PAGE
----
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Thursday, August 26, 2010

The Three Fears: FINAL Post

Fear #3: Fear of Feeling Inferior. We all have egos. The trick in “naked” or transparent consulting is to not let that ego keep us from serving the client, first and foremost. Sometimes consultants feel the need to be smart, needed and respected—and that ego need can blur the line between client service and self aggrandizement. Avoid ego like the plague if you want to obtain and retain clients! Some suggestions from the author follow. First: Make Everything About the Client. “It’s all about the client, stupid!” should be your mantra. Second: Honor the Client’s Work. Either you respect the client’s work or not. If not, pass on the work. Not easy, especially when you could use the cash flow. Third: Admit Your Weaknesses and Limitations. It takes a whole lot more energy to play act what you’re not than to be honest about both strengths and especially weaknesses. In fact, there is research that if you mention a weakness up front in a conversation, people are far more likely to believe what you say. One Final Note: I like all of Lencioni’s stuff. In fact, he inspired me to write leadership fables. So, Patrick, thanks for this and for your efforts to make this a more legitimate genre.

The Three Fears: Post #4

Fear #2: Fear of Being Embarrassed. No consultant hired for his/her expertise wants to give a client the wrong advice. But the fear of making an error can turn consultants in to cowards, too afraid to tell the truth or ask the question everyone is thinking of. Lencioni offers a few suggestions. First: Ask Dumb Questions. A former McKinsey consultant and friend of mine says that it’s always best to act like the dumbest guy in the room—very smart advice. Lencioni’s advice comports perfectly. Second: Make Dumb Suggestions. One of the values consultants bring to the table is an open mind. Don’t shut it down by holding back. Sometimes the “dumb” idea becomes the new breakthrough (for evidence consider the story about how 3M invented those Yellow Sticky Notes). Third: Celebrate Your Own Mistakes. Don’t fear being humble…admitting when you’re wrong, dead wrong. Clients like seeing people human, just like them. Fourth: Take a Bullet for the Client. Be humble enough to take an embarrassing barb for the client, especially in public, but then don’t be afraid to confront the client in private later with the truth.

Wednesday, August 25, 2010

The Three Fears: Post #3

The First Fear: Fear of Losing Business: When clients think that consultants are all about the money, not about the client’s problems, they can literally smell the lack of sincerity, even the fear the consultant may have of losing the engagement. So the author recommends several solutions. First: Always Consult Instead of Sell. Use every sales moment as a teaching/value-creation opportunity. Second: Give Away the Business. By giving away consulting from day one, you get back business. Third: Tell the Kind Truth. Tell the king he has no clothes on, but do it with empathy and respect, and hand him his pants! Fourth: Enter the danger. Don’t fear failure rather embrace the challenge in front of you. Read this section in depth because I think Lencioni provides a road map for excellent client/ business development.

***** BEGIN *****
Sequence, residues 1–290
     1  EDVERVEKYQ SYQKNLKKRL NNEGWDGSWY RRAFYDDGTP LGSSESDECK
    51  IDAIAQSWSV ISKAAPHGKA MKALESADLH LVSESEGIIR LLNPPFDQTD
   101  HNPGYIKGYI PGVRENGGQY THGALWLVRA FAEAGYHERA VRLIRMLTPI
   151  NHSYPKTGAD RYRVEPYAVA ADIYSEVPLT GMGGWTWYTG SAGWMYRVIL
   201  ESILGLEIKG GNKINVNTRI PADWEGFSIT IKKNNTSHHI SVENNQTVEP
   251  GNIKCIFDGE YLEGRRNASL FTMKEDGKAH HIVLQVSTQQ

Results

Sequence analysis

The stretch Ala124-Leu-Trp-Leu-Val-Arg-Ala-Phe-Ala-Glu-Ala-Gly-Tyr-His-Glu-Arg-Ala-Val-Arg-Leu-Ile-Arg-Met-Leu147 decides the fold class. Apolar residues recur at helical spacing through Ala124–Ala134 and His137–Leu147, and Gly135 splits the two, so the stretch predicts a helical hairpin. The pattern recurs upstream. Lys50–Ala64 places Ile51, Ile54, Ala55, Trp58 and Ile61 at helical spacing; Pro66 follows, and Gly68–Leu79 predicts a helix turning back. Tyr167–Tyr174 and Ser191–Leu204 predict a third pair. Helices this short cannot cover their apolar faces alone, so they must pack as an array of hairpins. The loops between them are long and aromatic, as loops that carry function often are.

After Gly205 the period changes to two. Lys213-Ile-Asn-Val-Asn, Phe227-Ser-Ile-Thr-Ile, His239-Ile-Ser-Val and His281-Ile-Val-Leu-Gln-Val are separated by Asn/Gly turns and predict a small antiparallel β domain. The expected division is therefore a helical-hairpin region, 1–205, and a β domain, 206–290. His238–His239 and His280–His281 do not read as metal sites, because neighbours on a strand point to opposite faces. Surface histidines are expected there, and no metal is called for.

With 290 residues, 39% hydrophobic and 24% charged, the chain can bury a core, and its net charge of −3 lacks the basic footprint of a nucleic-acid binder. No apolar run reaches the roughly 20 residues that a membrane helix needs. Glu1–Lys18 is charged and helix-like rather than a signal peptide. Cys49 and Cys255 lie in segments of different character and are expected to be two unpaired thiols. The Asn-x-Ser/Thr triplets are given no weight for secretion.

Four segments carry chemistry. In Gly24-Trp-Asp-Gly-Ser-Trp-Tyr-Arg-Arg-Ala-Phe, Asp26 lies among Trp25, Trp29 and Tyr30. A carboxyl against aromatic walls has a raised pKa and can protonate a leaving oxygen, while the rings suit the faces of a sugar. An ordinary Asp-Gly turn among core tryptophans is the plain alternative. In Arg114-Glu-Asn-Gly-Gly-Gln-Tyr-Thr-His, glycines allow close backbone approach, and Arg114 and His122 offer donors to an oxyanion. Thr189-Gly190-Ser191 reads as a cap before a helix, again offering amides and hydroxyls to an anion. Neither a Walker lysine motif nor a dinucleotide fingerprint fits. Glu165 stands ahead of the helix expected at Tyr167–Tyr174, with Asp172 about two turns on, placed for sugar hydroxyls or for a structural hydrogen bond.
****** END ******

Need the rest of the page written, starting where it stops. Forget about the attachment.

Tuesday, August 24, 2010

The Three Fears: Post #1

Getting Naked: A Business Fable About Shedding the Three Fears That Sabotage Client Loyalty (Jossey-Bass, 2010) by Patrick Lencioni Reviewed by Steve Gladis, Ph.D.

In summary, the story is about two consulting firms—specifically a large, competitive bill-by-the minute firm that buys a smaller boutique firm founded on the owner’s principles including honesty, transparency and getting “naked” by dropping all pretenses when partnering with the client. The main character, Jack Bauer (not the guy on “24,”another cheesy device that the book didn’t need) is a consultant in the larger, stuffier buying firm who is sent to the smaller, more vulnerable firm. Thrust into this experience, Jack learns much more than he teaches about how the former managing partner of the smaller firm taught his team how to become transparent (naked), open, vulnerable and of higher value to their clients than Jack’s own firm. In the process, he learns some painful, but useful lessons about the three fears that sabotage client loyalty and relationships.

Monday, August 23, 2010

The Three Fears: A Review

Getting Naked: A Business Fable About Shedding the Three Fears That Sabotage Client Loyalty (Jossey-Bass, 2010) by Patrick Lencioni Reviewed by Steve Gladis, Ph.D.

Patrick Lencioni, along with gurus like Ken Blanchard, has given the business fable real legitimacy. Lencioni’s The Five Dysfunctions of a Team really put Lencioni on the business fable map. And he’s managed to stay on the top of this field for some time now. And with this book he retains that position. Unfortunately, Getting Naked has a title that doesn’t work well, other than for shock value. Despite that error, the book works because it tells a decent story about important issues for consultants. Also, as a coach and consultant myself, the words ring true and right on key. In fact I’d recommend the book to any of my students thinking of becoming consultants one day. My only recommendation to the author is not to listen to the editors next time when it comes to titles—even if it means selling a few less books. I’d rather see titles like these: The Vulnerable Consultant, Fearless Consulting, How NOT to Sabotage Client Loyalty. This week I’ll review some of the basic elements of the book. I recommend Getting Naked as a decent business read.